EdNews Signup
A+ Education Partnership
 

RSSABPC Blog

Administrators and Teachers Can Be True Partners

June 26, 2012 | Tags: instructional partners
Bookmark and Share
 
During the past school year, we've written several times about the Alabama Instructional Partners Pilot Program, initiated by the Alabama State Department of Education with professional development support from the Alabama Best Practices Center. The essential goal of the project, which will expand this fall, is to prepare teacher leaders for roles as school-based "instructional partners" who facilitate transformative professional learning among their peers.
 
We've invited participants in the first-year pilot to write about how the experience impacted their own professional growth. Our latest reflection comes from Jeanne Welt, Assistant Principal for Instruction at Bob Jones High School in the Madison (AL) City Schools, where she was the instructional coach for two years before stepping into her combined AP/IP role.
 
by Jeanne Welt
 
"As an administrator, Jeanne Welt 'gets' teachers."
 
What an affirmation of my growth in the area of dialogue and treatment of teachers as partners. This comment from a very seasoned teacher who has “questioned and fought” every change confirms that my efforts to grow professionally have been channeled in the right direction.
 
She will never know how her resistance fueled my own growth and determination to break the typical view and role of an administrator. I began this journey several years ago as the Instructional Partner in my high school. Last summer I became the Assistant Principal of Instruction, and I wore both professional "hats" during the 2011-12 school year.
 
What an advantage this dual responsibility was for me. Much of my work was the same as it had been during my IP days. I didn’t want my new title to change the relationships and trust I had worked so hard to establish the previous two years before moving into my new role. As a very “green” instructional partner three years ago, I instinctively knew I had to build relationships and trust with teachers, particularly since there was a lot of animosity with the previous person. As I sought resources, I stumbled on Jim Knight’s book Instructional Coaching, which provided a direction for my work when I did not know where to begin. (Later, when I joined the state Instructional Partners pilot project in the fall of 2011, there were Jim Knight's important ideas again -- being shared by ABPC among all my IP colleagues, in a year of powerful professional learning.)
 
As I became more effective in the area of dialogue with teachers, relationships and trust emerged. I took a personal and professional interest in each teacher. Building that relationship was vital in helping peel back the many defensive or resistant layers teachers had built, in large part because of the traditional outlook that in high school “we are all about covering the content.”

Learning to listen
      
Dialogue has been the foundational piece of my work with teachers and the greatest growth area for me. I have learned how to be an attentive listener. By nature, I am impatient and want change to happen yesterday.  What I have learned in my growth journey is that for change to occur and be owned by teachers, they have to be a valued and respected partner in the dialogue.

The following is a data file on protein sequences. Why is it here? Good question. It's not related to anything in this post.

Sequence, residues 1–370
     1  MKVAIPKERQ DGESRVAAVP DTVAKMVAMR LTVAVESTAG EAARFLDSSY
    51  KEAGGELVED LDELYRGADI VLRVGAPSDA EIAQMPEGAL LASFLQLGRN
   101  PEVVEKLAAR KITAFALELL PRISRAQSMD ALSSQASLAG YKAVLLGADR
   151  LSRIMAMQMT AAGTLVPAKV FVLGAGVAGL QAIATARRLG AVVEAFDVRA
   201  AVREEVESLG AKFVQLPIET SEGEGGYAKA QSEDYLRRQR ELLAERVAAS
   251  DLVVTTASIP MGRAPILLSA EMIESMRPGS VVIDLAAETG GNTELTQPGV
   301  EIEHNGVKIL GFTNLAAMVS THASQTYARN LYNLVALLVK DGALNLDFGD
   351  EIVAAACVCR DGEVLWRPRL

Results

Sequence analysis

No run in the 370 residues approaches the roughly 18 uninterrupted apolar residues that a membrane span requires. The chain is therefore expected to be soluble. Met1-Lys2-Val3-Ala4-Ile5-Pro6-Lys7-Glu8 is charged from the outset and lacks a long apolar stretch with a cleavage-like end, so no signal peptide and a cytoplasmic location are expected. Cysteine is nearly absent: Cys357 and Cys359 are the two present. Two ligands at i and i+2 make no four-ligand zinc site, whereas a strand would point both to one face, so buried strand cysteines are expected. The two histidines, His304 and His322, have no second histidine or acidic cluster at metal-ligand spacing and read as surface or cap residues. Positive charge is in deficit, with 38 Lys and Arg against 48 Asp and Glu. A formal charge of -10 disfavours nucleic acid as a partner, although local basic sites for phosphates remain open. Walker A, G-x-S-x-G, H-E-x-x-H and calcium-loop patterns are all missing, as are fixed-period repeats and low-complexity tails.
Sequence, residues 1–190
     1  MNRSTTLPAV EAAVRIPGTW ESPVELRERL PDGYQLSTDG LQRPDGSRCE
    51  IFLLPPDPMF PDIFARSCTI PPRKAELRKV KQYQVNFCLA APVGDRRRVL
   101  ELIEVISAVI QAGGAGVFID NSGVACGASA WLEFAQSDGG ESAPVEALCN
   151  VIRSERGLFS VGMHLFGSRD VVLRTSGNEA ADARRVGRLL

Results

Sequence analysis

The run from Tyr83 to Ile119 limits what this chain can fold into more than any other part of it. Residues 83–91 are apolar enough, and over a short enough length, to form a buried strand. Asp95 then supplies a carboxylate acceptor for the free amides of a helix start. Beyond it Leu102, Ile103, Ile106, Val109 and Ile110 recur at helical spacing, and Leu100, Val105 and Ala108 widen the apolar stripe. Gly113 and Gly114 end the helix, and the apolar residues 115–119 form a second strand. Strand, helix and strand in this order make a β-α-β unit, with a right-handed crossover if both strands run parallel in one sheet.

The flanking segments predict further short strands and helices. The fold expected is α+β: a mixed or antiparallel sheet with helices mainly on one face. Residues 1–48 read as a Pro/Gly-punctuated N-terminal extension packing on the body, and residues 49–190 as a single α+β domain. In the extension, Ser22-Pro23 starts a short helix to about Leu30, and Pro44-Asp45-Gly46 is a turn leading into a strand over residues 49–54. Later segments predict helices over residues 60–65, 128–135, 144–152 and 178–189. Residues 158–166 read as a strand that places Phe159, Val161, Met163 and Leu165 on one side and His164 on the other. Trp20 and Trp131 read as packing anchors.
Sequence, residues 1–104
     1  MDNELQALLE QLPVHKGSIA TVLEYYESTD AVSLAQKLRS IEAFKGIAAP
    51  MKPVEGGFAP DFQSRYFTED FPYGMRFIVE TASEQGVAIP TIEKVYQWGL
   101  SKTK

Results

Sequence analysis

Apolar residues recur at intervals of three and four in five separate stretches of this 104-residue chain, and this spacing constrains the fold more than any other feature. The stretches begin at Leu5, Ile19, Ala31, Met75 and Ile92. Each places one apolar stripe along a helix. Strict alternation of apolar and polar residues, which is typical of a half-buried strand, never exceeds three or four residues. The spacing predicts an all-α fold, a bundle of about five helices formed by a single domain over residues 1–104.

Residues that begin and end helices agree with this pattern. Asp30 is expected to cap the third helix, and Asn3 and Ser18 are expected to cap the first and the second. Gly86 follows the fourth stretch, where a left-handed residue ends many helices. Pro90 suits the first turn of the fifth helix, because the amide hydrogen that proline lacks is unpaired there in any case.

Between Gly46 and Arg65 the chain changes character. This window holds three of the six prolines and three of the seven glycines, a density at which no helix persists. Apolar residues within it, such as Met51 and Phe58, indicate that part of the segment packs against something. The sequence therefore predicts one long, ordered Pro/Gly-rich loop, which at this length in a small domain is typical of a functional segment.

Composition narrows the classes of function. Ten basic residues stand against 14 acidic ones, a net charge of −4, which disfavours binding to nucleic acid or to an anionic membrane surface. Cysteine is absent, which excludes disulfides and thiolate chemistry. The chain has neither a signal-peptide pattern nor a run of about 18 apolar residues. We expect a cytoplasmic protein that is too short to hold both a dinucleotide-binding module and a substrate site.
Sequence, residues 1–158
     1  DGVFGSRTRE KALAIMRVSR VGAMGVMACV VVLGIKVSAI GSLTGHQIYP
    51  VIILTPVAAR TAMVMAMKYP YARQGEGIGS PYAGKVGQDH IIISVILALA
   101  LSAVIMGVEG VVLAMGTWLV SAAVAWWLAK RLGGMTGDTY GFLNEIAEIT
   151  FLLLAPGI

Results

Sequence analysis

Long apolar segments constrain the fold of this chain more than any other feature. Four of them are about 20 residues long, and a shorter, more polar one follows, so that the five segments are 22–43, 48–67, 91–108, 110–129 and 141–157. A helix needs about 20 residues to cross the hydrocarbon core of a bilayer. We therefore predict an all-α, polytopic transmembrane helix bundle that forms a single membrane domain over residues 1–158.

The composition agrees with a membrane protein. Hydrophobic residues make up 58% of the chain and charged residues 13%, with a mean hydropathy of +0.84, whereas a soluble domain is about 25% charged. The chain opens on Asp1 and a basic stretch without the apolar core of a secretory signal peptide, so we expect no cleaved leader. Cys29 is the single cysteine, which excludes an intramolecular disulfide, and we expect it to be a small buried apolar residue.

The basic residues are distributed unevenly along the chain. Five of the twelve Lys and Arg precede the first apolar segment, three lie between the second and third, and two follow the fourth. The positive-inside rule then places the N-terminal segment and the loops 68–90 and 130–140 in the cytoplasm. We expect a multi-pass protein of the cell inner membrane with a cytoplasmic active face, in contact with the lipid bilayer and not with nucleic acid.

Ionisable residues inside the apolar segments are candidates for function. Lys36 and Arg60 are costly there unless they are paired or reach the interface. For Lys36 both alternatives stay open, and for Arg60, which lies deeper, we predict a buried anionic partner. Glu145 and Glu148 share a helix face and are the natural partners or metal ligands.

The partnership chapter in Jim Knight's latest book Unmistakable Impact (which has been a key focus in our Instructional Partner pilot professional development with ABPC this year) has been my go-to guide. As I've engaged with teachers in instructional meetings, impromptu conversations, and feedback sessions following observations, I've approached my work with the servitude attitude, asking What can I learn from teachers today?
 
My humility has broken down some walls, and teachers feel their teaching practice is valued and worth sharing with their colleagues. I've learned how to ask the “right” questions to not only elicit teacher input but to encourage reflection about their work. This approach has opened many growth opportunities, both for the teachers and for their instructional partner and assistant principal.

We need to be humble co-learners

One teacher, Kendra, who is moving to another school, wrote in a farewell note that “You always offered me great teaching advice and had constructive feedback to give me after a classroom visit.” That simple and direct statement is a true affirmation to me that I am a stronger professional colleague today. Presenting myself as a respectful co-learner and thinking partner has built the relationship and trust that is so vital for “working on the work.”
 
The greatest reward, though, comes from the insights I've gained about myself. We should be humble about this work -- there is so much to know and so much we not only give but gain from working with other teachers around practice. I am confident I will continue to strive to be the instructional partner that Jane described in a note at the end of the year:
 
Thank you for being so kind, patient, ALWAYS supportive, and available. If I ever had a question, I knew I could always go to you for help/advice. Thank you for always believing in me and being a wonderful cheerleader/ advocate/ coach for us teachers.
 
 
 
 
 
 
 
A+ Alabama Best Practices Center A+ College Ready